Managing your WordPress Comments Area.

The WordPress Comments Facility can be used to your Sites Advantage or Dis Advantage.

On my own Blogs I tend to dis able Comments but I am sure there are Scenarios where they would be useful.

Whenever I’ve finished reading an article on other Blogs that leaves an impression on me, the first thing I do is scroll down to the comments – as I am interested in what others think about the Article.

The comments section of your WordPress blog is a great way to foster discussion, and if properly managed can become the centerpiece of a thriving online community. At the same time, if it’s managed improperly, it can be something else – a black mark on your site that attracts trolls, hackers, and malware. It’s up to you to ensure that it’s the former, not the latter.

Check Your WordPress Discussion Settings

The first thing you should do is take steps to manage how your WordPress installation handles user comments. To that end, there are a few factors you’ll need to take into account(Source):

  • How much identification is required to comment: Will you allow anyone to comment, or only registered users? Do comment authors need to provide their name and email, or can they leave comments anonymously?
  • Whether or not comments are enabled at all: Note that you can either disable comments for specific blog posts, or turn them off by default.
  • How comments are approved: Will you protect your blog by holding all comments for moderation, or can a commentator come back and leave additional comments to their heart’s content once their first post has been approved?
  • How long articles remain open for comments: This one’s self-explanatory. Will you leave your posts open indefinitely for comments, or close them after a certain time frame?
  • How comments are ordered on your posts: WordPress orders comments in chronological order by default. Depending on how you want your comments section to look, you can modify this so they display as the reverse.
  • Whether or not pingbacks are enabled: By default, WordPress is configured to notify you of posts linking back to your article with a trackback. This appears in the comments section of a post; unfortunately, on particularly active posts, this can lead to a significant volume of spam. As such, it’s generally recommended that you turn this setting off.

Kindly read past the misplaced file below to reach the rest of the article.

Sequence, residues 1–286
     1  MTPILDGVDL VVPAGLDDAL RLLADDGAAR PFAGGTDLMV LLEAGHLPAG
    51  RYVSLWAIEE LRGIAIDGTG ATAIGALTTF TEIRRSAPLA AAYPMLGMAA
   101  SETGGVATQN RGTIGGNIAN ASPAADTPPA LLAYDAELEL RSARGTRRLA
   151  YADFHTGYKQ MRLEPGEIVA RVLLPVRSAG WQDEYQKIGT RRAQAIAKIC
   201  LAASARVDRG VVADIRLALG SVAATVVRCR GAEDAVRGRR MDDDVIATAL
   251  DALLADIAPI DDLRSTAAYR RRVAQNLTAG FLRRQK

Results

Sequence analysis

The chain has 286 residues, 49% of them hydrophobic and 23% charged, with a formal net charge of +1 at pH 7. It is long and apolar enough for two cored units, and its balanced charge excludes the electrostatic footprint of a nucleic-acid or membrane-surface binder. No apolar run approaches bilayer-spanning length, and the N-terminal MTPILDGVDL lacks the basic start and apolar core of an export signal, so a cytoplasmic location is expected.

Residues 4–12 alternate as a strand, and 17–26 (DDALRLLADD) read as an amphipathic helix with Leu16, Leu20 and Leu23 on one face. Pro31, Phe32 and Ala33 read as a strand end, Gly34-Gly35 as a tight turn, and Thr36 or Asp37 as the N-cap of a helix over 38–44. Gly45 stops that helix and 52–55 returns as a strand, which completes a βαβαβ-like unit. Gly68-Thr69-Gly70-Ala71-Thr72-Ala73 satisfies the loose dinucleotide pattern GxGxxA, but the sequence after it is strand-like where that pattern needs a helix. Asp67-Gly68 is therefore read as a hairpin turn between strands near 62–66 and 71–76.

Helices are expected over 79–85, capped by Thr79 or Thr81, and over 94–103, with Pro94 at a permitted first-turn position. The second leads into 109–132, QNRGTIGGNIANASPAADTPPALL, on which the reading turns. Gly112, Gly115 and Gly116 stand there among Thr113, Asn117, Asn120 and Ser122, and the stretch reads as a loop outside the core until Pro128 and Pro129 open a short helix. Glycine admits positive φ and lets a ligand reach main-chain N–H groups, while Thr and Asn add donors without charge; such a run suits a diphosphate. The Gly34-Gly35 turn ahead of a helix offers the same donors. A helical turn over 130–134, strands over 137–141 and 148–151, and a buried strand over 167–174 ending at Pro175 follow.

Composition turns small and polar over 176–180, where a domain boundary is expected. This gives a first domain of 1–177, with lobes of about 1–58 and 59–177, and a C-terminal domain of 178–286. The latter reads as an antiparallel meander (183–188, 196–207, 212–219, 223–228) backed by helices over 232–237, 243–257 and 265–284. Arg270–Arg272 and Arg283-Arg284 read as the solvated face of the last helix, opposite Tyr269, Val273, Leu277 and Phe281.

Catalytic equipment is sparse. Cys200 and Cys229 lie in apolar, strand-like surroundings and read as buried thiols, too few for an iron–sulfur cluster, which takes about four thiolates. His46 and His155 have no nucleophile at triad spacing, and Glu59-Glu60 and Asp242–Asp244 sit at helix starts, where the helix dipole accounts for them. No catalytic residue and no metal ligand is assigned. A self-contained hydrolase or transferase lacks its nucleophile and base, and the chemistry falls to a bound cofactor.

• Notification settings: There are three settings you can choose from here. You can set it up so that you’re notified via email whenever someone comments, when a comment is awaiting moderation, or not at all. The second option is usually best.
  • Comment pagination: With this option, you can control whether comments appear as a single page, or are broken into several pages based on volume.
  • Comment blacklist: A list of words, emails, URLs, and IP addresses that you want to ban from appearing in your comment section. Comments containing any of the values entered into this form are filtered as spam before they enter your moderation queue.
  • Avatars: Purely aesthetic. This configures whether or not you want to display the avatars of users who comment on your blog, as well as the default avatar.

Install An Anti-Spam Plugin

Once you’re done tinkering with your default comment settings, your next step is to install an anti-spam plugin. This will ensure your blog is protected from comment spam, keeping it out of your moderation queue and catching the odd comment that happens to make it past said queue.

Akismet is generally the plugin of choice here, but there are alternatives such as WordPress Zero Spam and WP-Spamshield that work just as well. Do a bit of digging, and select whichever one you think is the best fit for you.

Consider Using A Third-Party Comments System

One of the more significant problems with WordPress is that, if you don’t allow unregistered users to comment, you could potentially alienate readers who don’t possess a WordPress account. That’s where third-party comments systems come in. Disqus, for example, has more features than the default WordPress tools, and users can create a single account that lets them comment on any site that uses the plugin.


Your comments section can be either the best or worst thing on your website. By knowing how to properly manage it, you can keep yourself safe from spam and malware alike, while ensuring that your users have as positive an experience as possible. Of course, if you don’t think it worth the headache, you could certainly just disable comments altogether.